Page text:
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the Course Superintendent. A keen eye is required to see how different sections of the 24-hectare course are growing and to get ahead of potential problems. Dubbed the ‘Rainforest Course’, with pockets of differing microclimates, extensive shaded areas and heavy seasonal rainfall inhibiting grass growth; the course presents a unique set of challenges for agronomists, balancing the natural environment of the 10-millionyear-old rainforest against the ideal conditions for growing grass. Consequently, extensive planning is required when preparing the yearly maintenance program. Soil testing is carried out on an annual basis to determine the correct deployment of fertilisers, insecticides, and pesticides. This allows the team to map out ‘cultural practices’ – ranging from needle tining, sand topdressing, verticutting, fertilisation and twice-yearly major maintenance of the greens and fairways - that are in sync with the seasons and various microclimates. Additionally, in keeping with the core vision of The Datai Langkawi, which recently took over management of The Els Club Teluk Datai, Isa is developing practices and product usage that will allow the course to become more sustainable.
AUTHOR IN RESIDENCE
STORY By Irshad Mobarak
I came to Langkawi as a tourist in March 1988. It was love at first sight, with its beautiful beaches, lush rainforest and wildlife that bowled me head over heels. I have always been a nature boy from a very young age. I had a father who always took his children, all 11 of us, on camping trips to some of his most favourite haunts. As kids, we grew up in a home that was filled with animals both domestic and wild, and we all indulged in a lot of sports. As fate would have it, these childhood experiences were really preparing me for the day I would move to the island in September 1988, notwithstanding the five years spent as a banker in Kuala Lumpur.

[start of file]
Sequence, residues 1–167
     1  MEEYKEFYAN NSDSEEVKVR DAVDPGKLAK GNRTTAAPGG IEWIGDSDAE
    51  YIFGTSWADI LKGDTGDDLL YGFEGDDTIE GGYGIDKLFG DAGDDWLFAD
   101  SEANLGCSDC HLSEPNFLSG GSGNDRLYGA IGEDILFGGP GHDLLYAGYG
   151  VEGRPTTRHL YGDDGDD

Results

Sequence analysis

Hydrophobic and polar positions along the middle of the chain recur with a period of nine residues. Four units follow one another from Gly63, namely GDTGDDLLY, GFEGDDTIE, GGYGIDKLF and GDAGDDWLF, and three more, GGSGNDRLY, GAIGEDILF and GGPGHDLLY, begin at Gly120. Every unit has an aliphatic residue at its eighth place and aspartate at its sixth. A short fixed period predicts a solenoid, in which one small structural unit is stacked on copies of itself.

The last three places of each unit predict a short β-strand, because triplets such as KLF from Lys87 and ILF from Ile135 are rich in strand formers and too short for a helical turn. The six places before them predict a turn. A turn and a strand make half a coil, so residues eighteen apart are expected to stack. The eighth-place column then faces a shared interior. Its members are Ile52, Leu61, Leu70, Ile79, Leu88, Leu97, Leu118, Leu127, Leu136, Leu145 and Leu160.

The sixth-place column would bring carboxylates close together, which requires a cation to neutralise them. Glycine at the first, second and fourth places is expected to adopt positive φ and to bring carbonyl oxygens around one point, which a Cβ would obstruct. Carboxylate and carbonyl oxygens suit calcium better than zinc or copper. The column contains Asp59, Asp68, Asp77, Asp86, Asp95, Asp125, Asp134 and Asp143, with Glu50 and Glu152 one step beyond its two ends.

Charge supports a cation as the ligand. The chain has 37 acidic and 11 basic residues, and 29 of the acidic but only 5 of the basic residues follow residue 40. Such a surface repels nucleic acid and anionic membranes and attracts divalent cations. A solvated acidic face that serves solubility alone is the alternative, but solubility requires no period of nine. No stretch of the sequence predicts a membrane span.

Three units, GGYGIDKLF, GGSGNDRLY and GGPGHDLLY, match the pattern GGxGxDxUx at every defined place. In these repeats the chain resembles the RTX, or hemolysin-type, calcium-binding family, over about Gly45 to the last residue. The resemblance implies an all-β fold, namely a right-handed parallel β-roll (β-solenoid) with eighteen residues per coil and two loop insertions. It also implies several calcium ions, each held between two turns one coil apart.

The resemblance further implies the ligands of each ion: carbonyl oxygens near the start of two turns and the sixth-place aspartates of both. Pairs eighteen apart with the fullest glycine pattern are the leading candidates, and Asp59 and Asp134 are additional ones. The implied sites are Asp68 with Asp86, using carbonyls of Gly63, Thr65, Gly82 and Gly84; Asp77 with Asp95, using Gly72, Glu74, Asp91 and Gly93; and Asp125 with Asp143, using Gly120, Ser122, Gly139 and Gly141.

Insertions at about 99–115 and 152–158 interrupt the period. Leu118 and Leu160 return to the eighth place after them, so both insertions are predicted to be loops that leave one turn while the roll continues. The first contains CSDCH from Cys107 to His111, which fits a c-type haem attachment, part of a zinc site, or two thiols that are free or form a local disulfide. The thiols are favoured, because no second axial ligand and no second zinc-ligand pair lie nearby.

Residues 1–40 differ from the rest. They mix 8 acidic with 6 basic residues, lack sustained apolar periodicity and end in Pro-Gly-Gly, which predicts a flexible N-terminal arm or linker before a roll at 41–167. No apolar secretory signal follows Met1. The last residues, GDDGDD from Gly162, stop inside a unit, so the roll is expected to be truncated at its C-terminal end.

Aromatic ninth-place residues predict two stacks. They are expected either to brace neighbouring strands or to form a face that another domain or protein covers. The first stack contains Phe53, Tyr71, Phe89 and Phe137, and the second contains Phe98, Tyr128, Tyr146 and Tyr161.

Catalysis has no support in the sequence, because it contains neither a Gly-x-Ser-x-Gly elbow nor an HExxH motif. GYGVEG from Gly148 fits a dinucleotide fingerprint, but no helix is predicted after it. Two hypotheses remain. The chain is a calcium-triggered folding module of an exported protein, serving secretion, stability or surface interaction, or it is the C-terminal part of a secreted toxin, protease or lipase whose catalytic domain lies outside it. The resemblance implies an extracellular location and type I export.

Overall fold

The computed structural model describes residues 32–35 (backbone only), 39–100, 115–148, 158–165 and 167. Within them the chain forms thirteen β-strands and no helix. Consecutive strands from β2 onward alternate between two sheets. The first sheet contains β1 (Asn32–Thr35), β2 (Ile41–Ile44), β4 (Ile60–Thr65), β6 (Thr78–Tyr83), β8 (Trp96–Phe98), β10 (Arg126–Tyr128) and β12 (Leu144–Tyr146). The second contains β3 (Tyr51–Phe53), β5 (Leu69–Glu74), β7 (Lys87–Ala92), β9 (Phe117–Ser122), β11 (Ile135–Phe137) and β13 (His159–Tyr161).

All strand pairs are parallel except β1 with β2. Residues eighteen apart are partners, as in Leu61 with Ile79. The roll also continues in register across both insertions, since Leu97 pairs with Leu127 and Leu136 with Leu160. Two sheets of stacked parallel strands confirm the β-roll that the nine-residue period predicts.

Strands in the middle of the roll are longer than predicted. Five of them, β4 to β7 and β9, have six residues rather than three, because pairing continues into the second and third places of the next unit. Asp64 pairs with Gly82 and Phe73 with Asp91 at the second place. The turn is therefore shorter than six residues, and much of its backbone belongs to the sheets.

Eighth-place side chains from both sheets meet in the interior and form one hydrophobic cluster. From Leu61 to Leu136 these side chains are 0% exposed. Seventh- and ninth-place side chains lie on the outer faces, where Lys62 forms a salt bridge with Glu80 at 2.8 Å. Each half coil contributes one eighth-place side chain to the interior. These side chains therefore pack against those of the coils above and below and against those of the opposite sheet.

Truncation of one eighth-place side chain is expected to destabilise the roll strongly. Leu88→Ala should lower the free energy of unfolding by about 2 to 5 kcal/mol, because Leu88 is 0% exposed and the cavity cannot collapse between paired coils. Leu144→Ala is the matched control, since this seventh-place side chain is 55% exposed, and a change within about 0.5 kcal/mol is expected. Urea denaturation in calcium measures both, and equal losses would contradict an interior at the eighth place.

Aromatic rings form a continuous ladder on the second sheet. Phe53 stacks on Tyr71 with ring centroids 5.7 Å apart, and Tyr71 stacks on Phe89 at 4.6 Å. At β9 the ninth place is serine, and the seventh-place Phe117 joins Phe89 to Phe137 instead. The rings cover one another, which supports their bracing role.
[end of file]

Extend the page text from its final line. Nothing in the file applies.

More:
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AUTHOR IN RESIDENCE
The opportunity to work at The Datai Langkawi came up in 1993. I remember that day as clearly as if it was yesterday. While riding my motorbike to The Datai for my job interview, I thought to myself that I would only accept employment if I found the environment conducive with my values towards nature – I was going to be interviewing the hotel. But as I was nearing the hotel on the former coastal path, all my apprehension was soon removed when I saw in the sea a pod of more than 100 Indo-Pacific Humpback Dolphins moving along the same direction as me! I took this as a sign from the heavens above showing me that I should not worry and accept the job. Twenty eight years later and I am still at The Datai Langkawi. Back then The Datai was 'the new kid on the block’. Many of the competing hoteliers had said that this hotel would never work; it was too far off from 'civilisation', situated in the middle of a jungle and much too far from the shopping areas. At night even the taxi drivers did not want to drive the long, quiet, dark and creepy jungle fringed road, believed by them to be filled with ghostly phenomenons of every imagination. The Datai would prove the naysayers wrong, very